This document advises parties of an essential fact of dissolution law: a creditor is not bound by a divorce Decree.  This is best explained by example.  Assume that Bank of Anywhere Credit Card is assigned 50% to Husband and 50% to Wife in the final Decree and each party is ordered to pay one-half of the minimum monthly payment.  Further assume that Husband has been diligent in his portion of the payments on the debt but Wife has failed to make any payments.  The Bank of Anywhere starts calling Husband to inquire as to the deficiency in the account and what he intends to do about it.  Husband says, “Call my ex!”  Unfortunately, that is not going to be acceptable to the Bank of Anywhere.  The Bank of Anywhere might say, “We sure will, but you still owe us that money!”  This is because the Bank of Anywhere, the creditor, is not required to only take payments pursuant to the terms of Husband and Wife’s divorce Decree.  Both parties still owe the money, as far as the Bank is concerned, and the Bank of Anywhere may still engage in collection efforts against one or both parties.  Husband’s recourse in this situation is to alert the Family Court and request that Wife be held accountable for the payments she is supposed to make.  Other damages may be requested depending on the language of the Decree.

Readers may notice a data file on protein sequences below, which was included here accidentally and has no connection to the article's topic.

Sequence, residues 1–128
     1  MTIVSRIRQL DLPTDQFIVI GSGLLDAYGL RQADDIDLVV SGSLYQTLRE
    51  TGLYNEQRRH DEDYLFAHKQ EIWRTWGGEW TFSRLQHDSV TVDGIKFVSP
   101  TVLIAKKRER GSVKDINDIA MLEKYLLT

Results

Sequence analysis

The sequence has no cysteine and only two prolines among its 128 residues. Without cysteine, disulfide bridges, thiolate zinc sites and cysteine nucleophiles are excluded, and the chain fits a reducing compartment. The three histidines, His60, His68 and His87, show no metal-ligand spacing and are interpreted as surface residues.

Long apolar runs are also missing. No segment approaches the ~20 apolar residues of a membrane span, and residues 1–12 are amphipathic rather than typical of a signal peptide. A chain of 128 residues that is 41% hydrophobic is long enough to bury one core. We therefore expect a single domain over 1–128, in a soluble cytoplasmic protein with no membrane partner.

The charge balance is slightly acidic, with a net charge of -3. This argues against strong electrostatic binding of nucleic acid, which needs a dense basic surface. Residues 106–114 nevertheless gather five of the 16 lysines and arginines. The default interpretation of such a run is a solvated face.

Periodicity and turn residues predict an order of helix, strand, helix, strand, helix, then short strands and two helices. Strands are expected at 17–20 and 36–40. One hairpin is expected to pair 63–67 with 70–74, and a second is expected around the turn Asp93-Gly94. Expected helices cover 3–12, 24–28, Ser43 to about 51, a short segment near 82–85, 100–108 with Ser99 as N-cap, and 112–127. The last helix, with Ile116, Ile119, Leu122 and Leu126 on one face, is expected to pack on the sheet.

Notice of Your Rights About Health Insurance Coverage:

In many cases, one spouse will cover the other spouse’s health, dental, and/or vision insurance on their employer’s group policy.  What happens when a divorce occurs in that situation?  This document advises parties covered by their spouse’s policy that they are entitled to maintain insurance under COBRA Continuation Health Coverage.  Parties have a very small window of time to elect such coverage before the option lapses – only 31 days after the Decree.